Hillary Clinton took full command of the Democratic presidential race on Tuesday as she rolled to major victories over Bernie Sanders in Texas, Virginia and across the South and proved for the first time that she could build a national coalition of racially diverse voters that would be crucial in the November election.
Based on results from Democratic primaries and caucuses in 11 states, Mrs. Clinton succeeded in containing Mr. Sanders to states he was expected to win, like Vermont and Oklahoma, and overpowering him in predominantly black and Hispanic areas that were rich in delegates needed for the Democratic nomination.
Mrs. Clinton, who also won Massachusetts and showed notable strength among Southern white voters, came away with a strong delegate lead over Mr. Sanders — notably larger than the one that Barack Obama had over her at this point in the 2008 presidential race.
“What a super Tuesday!” Mrs. Clinton declared to cheers at a victory rally in Miami. In her recent signature line mocking Donald J. Trump’s slogan, she said: “America never stopped being great. We have to make America whole — fill in what’s been hollowed out.”
“The rhetoric we’re hearing on the other side has never been lower,” she added. “Trying to divide America between us and them is wrong, and we’re not going to let it work.” As the crowd broke out in chants of “U.S.A.,” she said, “Whether we like it or not, we’re all in this together, my friends, and we all have to do our part.”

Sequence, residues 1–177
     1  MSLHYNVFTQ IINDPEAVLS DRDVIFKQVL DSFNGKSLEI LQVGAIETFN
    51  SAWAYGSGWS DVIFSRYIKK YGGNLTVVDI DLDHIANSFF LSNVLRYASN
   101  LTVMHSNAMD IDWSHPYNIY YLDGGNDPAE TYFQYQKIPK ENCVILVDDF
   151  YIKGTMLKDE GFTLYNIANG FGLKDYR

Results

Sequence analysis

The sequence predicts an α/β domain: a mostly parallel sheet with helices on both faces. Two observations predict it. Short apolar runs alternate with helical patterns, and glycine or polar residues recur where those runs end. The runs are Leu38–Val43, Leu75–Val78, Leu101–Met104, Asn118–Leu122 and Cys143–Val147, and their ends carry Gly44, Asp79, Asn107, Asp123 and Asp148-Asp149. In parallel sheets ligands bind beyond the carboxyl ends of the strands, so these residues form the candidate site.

The contests on Tuesday were well suited to Mrs. Clinton’s strengths: her popularity with minority voters, her political kinship with Southern Democrats from her two decades in Arkansas, and her success in delegate-rich Texas in 2008. She won sizable victories in Arkansas as well as Alabama, Georgia and Tennessee, with especially big margins in counties with many blacks.
Mr. Sanders’s advisers, in turn, described Tuesday as their candidate’s most difficult moment on the primary calendar, given the diverse electorate, the relative lack of states with huge liberal populations, and the dearth of caucuses — a format that Mr. Sanders believes favors him. He won the caucuses in Colorado and Minnesota on Tuesday; Mrs. Clinton won earlier caucuses in Iowa and Nevada.
While even the poorest showing would not drive Mr. Sanders from the presidential race, his advisers said, Mrs. Clinton was already looking past her party rival on Tuesday to the leading Republican candidate, Mr. Trump, saying she was “very disappointed” that he initially refused to disavow support from David Duke, the former Ku Klux Klan leader.
“We can’t let organizations and individuals that hold deplorable views about what it means to be an American be given any credence at all,” Mrs. Clinton told reporters while campaigning at a coffee shop in Minnesota. “I’m going to continue to speak out about bigotry wherever I see it or hear about it.”
Mr. Sanders, who has also criticized Mr. Trump over the Duke endorsement, cast his ballot in the Vermont primary on Tuesday and held a victory party shortly after he was declared the winner there at 7 p.m. Choosing not to wait and see the results in other states, Mr. Sanders sounded defiant at times and philosophical at others as he spoke to a hometown crowd of cheering admirers near Burlington.